Oh, my goodness. In the nick of time I happened to hear about the Russian River Rose Company, which is open to the public during April and May for perfume tours. Not wanting to interfere with a commercial venture I phoned owner Jan, who very kindly invited me to come out early this morning for a very special private peek at what they are about: making high quality rose oils and rose water for the public following a very old tradition with very high quality European roses! Stunning opportunity! Her husband Michael met me as I drove out to the vineyards in Healdsburg amongst which their treasured roses live–and they among them. What a lifeplan! I was struck by how rudimentary the process is, at once realizing how time intensive it must be to make this treasure, and simultaneously realizing why rose oil is a costly item. “It takes 120 roses to make one drop of rose oil, ” Michael affirmed. Wow. Meanwhile, one cannot help but think of an older profession in our country’s history as one views the apparatus. It is, afterall, a distillery!
Water in the bottom of that vat reaches a temperature that causes steam to go up through the petals, carrying the oil with it. When it reaches the second container it reconstitutes, and eventually finds its way to that little glass jar underneath. There it sits until the oil rises to the top, and rose water remains below. Yes, I get it. Not easy to come by and quite an endeavor in our fast paced world. But oh the result! You can bet I left at morning’s end with more than one rose atomizer in a small bag. How could I not?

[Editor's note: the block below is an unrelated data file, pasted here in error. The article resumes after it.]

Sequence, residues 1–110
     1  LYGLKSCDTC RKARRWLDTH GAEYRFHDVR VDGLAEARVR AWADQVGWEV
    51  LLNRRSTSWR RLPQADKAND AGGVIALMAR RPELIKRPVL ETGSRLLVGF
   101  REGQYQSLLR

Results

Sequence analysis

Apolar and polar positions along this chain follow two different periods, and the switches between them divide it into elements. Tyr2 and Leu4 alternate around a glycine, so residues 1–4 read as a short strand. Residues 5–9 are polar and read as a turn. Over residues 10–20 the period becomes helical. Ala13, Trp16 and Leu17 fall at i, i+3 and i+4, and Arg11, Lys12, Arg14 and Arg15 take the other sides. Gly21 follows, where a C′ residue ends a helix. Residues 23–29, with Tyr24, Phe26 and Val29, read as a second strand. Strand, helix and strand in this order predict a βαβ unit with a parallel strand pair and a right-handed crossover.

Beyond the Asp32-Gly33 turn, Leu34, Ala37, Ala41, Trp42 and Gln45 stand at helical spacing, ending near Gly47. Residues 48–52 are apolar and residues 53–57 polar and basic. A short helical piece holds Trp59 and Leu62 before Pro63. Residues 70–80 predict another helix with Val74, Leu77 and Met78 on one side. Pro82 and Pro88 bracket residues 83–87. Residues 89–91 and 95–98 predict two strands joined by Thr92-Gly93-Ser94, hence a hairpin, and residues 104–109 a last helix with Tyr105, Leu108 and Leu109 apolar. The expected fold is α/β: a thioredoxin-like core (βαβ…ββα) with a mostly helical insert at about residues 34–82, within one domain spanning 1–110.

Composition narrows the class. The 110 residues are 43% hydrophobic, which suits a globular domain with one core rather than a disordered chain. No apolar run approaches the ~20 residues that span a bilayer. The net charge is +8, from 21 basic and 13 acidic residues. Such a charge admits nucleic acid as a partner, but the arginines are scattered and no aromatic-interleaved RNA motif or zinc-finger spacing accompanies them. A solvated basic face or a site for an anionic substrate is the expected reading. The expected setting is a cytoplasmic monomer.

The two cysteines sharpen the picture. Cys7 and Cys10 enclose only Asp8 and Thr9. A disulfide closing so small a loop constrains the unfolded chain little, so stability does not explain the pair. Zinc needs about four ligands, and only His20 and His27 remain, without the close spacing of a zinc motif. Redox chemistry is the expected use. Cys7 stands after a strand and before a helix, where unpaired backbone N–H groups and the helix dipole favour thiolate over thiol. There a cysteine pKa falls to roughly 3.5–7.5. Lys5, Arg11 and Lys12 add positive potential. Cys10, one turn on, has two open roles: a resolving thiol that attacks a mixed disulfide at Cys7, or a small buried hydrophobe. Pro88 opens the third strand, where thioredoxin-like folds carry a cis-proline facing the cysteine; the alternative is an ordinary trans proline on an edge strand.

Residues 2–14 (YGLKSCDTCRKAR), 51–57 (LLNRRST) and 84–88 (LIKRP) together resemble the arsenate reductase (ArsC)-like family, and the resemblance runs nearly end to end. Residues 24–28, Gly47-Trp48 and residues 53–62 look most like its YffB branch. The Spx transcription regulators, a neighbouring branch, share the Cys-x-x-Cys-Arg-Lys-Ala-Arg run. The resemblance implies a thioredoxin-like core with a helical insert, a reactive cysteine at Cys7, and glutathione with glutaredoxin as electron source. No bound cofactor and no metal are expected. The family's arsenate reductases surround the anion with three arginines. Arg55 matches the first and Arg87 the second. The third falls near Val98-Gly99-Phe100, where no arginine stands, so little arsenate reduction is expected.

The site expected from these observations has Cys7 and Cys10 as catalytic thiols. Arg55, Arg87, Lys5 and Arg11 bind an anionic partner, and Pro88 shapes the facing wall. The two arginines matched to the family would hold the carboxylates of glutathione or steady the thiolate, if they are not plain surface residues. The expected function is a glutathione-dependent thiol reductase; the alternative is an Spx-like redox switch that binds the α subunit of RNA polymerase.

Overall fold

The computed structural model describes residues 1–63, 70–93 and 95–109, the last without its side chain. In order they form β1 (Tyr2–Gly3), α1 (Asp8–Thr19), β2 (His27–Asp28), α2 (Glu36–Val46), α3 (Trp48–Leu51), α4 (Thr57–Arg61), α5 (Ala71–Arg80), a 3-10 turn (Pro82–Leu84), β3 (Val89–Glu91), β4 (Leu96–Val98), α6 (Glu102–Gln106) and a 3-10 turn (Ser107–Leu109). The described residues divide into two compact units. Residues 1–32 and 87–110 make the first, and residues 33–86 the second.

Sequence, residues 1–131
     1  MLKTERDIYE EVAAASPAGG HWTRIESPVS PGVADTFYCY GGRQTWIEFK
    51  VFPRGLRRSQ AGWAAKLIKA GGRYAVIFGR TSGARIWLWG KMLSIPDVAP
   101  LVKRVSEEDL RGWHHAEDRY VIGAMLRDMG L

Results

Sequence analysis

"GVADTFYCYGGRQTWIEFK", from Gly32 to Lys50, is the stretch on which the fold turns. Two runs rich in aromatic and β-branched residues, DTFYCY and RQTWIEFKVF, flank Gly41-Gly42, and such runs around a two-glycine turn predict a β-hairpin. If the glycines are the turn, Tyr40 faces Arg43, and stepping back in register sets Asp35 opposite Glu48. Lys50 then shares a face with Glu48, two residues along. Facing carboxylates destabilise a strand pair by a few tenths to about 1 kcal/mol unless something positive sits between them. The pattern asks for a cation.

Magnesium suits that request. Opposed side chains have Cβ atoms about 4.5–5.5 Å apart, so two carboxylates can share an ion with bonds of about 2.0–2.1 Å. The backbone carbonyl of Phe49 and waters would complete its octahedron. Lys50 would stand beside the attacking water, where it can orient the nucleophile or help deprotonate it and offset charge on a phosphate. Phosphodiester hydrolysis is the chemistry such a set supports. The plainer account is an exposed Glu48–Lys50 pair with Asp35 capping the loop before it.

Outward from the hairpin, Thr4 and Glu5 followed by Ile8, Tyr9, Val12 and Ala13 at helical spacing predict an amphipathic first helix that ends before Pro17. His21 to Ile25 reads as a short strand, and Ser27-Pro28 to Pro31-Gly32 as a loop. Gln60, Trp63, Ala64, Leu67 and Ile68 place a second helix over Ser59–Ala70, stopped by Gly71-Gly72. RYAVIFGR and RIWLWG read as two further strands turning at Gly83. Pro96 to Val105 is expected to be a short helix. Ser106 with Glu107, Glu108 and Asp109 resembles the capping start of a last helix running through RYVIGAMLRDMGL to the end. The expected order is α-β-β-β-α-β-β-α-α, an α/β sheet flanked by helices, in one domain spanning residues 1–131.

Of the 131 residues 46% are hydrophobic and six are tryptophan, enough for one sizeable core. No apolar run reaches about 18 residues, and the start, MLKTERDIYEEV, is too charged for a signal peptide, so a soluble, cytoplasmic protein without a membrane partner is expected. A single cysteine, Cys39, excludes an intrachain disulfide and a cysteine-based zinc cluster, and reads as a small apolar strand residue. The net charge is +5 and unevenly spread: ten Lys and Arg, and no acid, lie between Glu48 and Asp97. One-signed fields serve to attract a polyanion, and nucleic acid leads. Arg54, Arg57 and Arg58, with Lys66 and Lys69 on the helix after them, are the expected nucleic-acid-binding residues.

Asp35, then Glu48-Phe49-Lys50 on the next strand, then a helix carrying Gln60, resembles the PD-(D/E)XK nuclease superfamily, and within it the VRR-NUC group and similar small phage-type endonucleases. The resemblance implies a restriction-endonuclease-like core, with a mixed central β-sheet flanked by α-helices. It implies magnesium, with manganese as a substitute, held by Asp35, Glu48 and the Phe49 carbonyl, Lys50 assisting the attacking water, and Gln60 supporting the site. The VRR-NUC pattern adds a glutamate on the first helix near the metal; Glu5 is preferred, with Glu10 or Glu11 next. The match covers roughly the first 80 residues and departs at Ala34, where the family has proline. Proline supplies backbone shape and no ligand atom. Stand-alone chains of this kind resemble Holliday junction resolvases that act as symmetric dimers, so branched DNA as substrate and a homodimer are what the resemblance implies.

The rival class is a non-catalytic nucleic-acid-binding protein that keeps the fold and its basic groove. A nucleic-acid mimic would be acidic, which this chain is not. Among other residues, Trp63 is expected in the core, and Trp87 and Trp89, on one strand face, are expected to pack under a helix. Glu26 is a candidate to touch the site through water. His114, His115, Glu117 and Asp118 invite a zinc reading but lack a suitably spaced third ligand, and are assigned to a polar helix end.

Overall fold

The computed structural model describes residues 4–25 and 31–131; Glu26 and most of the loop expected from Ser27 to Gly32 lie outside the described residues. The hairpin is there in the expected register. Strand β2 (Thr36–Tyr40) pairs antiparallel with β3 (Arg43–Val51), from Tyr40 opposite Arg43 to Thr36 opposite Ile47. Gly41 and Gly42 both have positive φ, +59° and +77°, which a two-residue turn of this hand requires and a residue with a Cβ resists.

“Oh, my poor readers,” I lamented, knowing I could never ever remember the names of anything I was shooting, coupled with the self-knowledge that I live in a land of “That is so beautiful!” not, “What’s that?”
“You easily lose yourself in [words], become hypnotized into implicitly believing that when you have attached a word to something, you know what it is. The fact is: You don’t know what it is. You have only covered up a mystery with a label.”
Nevertheless, I do understand that it is nigh onto impossible to go into a nursery and ask for a large red undulating rose. And we are indeed fortunate that Jan is an extremely patient and understanding woman who was willing to look at specific images and identify my favorites that I longed to share with you. Perhaps you will be inspired to bring some of these into your life. Top of the list for me personally was one I could remember! The 4th of July! I purchased two as Mother’s Day gifts. (Yes, I’m one of the Mothers. How did you guess?) This is a climber and I found it to be the happiest of blossoms!
Here are more of my favorites. I’m seeing that I am particularly drawn to the luscious reds! But it is impossible to choose one best one, the variations are so great, the beauty so overwhelming.
“Rose is a rose is a rose is a rose.”
“We can complain because rose bushes have thorns, or rejoice because thorn bushes have roses.”
And over one more set of hills,
along the sea,
the last roses have opened their factories of sweetness
and are giving it back to the world.
Dearest readers, wherever you find yourselves, avail yourselves of the beauty of the roses. Give thanks for every dear one of them for the joy they bring into our lives. Take not one for granted.
Tend your gardens. Tend your hearts.
Love and spring blessings,
Happy postscript: Blogger Cyndee Greene has honored me with a Friendship Award. I invite you to visit her blog The Journey.
Posted on April 24th, 2009 by Kathryn
Filed under: Field Trips